New Research Sheds Light on The Concussion Risks of Water Polo

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A new study by Cecchi et al. published in PLOS-One, explores head impact risks in water polo. Water polo is a full contact water sport where grappling is part of the strategy; it has a high potential for head injury and concussion. Researchers found that the sport poses a head impact risk to high-level collegiate players and that risks differ by positions.

This quantitative study measured head velocity by having players wear caps with integrated head impact sensors during games and practice. The sensor data allowed researchers at UCI to analyze head impact data to see which positions and in what circumstances head impacts were most common and severe. This is the first ever quantitative study into head impacts in water polo.

It was found that the center positions had the highest risk, with 37% of the head impacts coming in this position; the center positions are where most of the wrestling (under and above water) and scoring occurs.

The majority (59.9%) of the head impacts occurred while the injured player was on offense. However, the velocity of the impacts was not statistically different by position or circumstance, meaning that although centers receive more impacts than other positions, those impacts are not necessarily any more severe than impacts to players at other positions. Additionally, although goalies would seem to be at risk for more impacts due to their blocking position, they were not observed to be at higher risk for a head injury than outfield players in either games or practice.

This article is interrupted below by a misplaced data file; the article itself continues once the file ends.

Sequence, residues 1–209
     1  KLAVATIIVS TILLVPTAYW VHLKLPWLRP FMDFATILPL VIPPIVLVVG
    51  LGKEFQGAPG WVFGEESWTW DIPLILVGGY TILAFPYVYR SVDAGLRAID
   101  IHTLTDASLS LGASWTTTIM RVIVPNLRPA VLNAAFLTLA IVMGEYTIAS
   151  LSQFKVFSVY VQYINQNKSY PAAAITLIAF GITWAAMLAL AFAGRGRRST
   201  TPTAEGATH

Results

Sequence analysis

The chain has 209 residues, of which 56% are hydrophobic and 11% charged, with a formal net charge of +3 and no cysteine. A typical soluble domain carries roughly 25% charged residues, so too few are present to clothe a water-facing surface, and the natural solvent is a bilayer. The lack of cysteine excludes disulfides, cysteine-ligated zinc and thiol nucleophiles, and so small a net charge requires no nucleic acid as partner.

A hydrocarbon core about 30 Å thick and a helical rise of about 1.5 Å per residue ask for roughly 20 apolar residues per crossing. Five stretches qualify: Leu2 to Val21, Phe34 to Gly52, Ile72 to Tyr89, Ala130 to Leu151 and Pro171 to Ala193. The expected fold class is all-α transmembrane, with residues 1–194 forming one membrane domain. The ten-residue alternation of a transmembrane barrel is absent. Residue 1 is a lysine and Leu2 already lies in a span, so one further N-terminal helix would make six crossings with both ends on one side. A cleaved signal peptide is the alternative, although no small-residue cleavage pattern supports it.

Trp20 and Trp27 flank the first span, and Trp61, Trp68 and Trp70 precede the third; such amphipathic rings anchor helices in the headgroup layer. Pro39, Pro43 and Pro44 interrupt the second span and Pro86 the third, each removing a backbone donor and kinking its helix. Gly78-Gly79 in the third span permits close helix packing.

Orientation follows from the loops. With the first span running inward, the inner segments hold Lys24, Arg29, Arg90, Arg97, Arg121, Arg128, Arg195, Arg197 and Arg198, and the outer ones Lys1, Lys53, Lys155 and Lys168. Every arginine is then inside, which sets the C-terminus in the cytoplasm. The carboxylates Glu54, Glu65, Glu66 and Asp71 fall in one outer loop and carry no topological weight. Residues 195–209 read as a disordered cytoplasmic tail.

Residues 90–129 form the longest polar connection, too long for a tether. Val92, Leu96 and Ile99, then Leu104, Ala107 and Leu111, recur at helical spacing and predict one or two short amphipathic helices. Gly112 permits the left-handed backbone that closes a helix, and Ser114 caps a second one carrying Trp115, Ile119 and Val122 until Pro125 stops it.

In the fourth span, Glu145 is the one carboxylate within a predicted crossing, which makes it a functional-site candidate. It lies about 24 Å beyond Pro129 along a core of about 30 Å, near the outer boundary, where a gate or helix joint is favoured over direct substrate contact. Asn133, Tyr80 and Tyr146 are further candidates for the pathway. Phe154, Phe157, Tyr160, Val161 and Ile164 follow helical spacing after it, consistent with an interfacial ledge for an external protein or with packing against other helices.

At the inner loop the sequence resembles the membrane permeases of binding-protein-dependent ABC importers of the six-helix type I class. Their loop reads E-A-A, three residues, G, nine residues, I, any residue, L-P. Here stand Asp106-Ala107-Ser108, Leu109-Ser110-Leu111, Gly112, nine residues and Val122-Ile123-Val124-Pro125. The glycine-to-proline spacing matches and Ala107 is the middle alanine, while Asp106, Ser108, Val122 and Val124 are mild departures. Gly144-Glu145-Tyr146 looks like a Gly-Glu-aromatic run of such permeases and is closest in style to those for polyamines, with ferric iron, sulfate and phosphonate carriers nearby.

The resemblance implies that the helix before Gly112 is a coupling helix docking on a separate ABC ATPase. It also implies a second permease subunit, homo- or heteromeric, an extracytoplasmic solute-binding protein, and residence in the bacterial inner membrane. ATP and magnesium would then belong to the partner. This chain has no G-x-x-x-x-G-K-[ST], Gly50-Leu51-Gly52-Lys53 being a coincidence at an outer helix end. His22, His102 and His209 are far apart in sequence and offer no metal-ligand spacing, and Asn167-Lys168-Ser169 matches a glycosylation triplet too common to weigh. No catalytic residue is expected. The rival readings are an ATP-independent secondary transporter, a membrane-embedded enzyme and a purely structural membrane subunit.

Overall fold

During the three-year study period  - while researchers observed head impacts in practices and games - there were no recorded concussions.

Water polo is one of the fastest growing sports in the United States, while football has seen a decrease in participation. More research is needed into how concussions are diagnosed and treated in water polo, but this study is a good first step.

Understanding the concussion risks for water polo allows researchers, parents, and participants to make better-informed decisions about participation, and gives USA Water Polo the opportunity to improve improve the health and safety of players through re-evaluating rules and regulations in light of new data.